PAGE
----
10 (working) directors I love

Parters in crime: Ethan (left) and Joel Coen make the ultimate directing duo.

Partners in crime: Ethan (left) and Joel Coen make the ultimate directing duo.

Steven Spielberg is not on this list.

You want a controversial statement? Well, there it is. After “Crystal Skull,” don’t even think of saying his name to me. And since I’m apparently flirting with controversy and confrontation today (I’m tarty like that), here’s another: You won’t see Ridley Scott’s name here. Peter Jackson’s been given a pass. Ditto George Lucas.

However, here are a few directors who make the cut. Some are obvious (see No. 1), others are a tad obscure and some are maybe even a little questionable (hey, I never said I was mainstream):

1. Joel + Ethan Coen — The shock! The pure and utter dismay! Right … anyone who knows me knows that I’m a late-in-life Coen convert, so my decision to award them top honors is hardly surprising. But, really, could any two directors be any more deserving? This is the duo that gave us terse, meticulously paced masterpieces like “No Country for Old Men,” “Fargo” and “Blood Simple” and inspired, idiotic comedies like “The Big Lebowski” and “Raising Arizona.” That warped humor, that eye for minute details and foreshadowing — love ‘em or hate ‘em, you can’t deny Joel and Ethan have imagination and talent to burn.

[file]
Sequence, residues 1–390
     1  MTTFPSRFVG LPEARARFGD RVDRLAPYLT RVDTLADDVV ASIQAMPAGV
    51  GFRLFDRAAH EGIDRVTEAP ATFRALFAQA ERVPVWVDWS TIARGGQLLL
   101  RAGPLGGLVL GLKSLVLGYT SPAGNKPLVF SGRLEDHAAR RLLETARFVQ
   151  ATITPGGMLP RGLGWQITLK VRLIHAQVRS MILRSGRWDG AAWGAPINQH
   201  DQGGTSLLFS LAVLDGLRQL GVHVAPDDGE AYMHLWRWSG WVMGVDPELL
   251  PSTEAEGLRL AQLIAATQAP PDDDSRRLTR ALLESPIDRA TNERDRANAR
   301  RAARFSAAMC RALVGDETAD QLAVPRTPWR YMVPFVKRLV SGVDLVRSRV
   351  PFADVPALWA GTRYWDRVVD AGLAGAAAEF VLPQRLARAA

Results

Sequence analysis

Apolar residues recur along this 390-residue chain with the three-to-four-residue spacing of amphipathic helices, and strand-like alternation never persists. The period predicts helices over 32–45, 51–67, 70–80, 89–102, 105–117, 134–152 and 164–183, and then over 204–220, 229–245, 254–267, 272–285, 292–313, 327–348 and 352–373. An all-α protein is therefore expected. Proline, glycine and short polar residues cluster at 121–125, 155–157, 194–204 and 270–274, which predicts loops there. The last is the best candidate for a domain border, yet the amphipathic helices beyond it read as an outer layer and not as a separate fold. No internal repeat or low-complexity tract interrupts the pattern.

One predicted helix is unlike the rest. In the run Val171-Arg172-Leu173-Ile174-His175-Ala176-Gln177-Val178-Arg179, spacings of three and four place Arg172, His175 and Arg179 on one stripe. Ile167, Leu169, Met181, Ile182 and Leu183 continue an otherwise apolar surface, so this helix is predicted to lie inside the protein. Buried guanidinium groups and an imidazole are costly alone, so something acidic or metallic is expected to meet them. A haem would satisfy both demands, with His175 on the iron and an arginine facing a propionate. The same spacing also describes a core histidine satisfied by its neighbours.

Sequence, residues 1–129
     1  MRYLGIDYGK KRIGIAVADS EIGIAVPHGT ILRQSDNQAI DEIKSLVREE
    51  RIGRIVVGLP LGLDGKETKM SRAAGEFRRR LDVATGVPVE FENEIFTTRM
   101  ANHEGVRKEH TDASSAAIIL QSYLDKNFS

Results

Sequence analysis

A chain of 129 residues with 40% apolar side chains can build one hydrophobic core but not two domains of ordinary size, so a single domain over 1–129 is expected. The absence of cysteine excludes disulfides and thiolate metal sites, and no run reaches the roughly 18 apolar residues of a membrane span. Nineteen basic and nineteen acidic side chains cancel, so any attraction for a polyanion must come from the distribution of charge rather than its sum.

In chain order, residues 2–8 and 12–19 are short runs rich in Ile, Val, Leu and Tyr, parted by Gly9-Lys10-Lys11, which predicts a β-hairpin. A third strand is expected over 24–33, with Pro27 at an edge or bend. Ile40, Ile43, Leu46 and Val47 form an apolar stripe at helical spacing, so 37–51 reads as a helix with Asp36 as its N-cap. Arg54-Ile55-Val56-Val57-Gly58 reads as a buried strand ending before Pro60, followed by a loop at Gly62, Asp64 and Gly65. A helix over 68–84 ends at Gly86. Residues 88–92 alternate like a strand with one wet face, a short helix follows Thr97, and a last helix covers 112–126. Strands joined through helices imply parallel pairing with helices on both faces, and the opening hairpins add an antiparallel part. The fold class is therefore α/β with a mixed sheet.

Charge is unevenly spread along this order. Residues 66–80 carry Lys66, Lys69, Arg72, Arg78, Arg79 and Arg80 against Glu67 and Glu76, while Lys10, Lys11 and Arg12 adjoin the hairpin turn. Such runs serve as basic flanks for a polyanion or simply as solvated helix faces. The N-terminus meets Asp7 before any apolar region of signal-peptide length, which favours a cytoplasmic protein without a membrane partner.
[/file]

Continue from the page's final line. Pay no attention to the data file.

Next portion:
2. Clint Eastwood — Eastwood’s a prime reminder that we should never go for the knee-jerk sneer of disdain when an actor steps behind the camera. For as fine an actor as Eastwood is, he’s an even better director with a knack for casting (who but Hillary Swank could have made “Million-Dollar Baby” so hopeful and bittersweet?) and a desire to plumb the dark depths of the human psyche (see “Unforgiven,” “Mystic River” and “Changeling”). What’s more remarkable is the fact that, at 79, he’s only nicked the surface of his directing abilities … and that’s a miracle in itself.

3. Martin Scorcese — Let’s go ahead and state the obvious: Nobody makes gangster sagas like Martin Scorcese. It simply can’t be done (not even by the Coen brothers). He is the modern master of the genre. But what people forget is that he’s a genius when it comes to creating movies that explore man’s darker side, the blind rage and the ambition and the fear that take us to evil places. From “The Aviator” to “Cape Fear” to “The Departed,” arguably Scorcese’s magnum opus, this is a director whose take-no-prisoners approach translates into stunning films.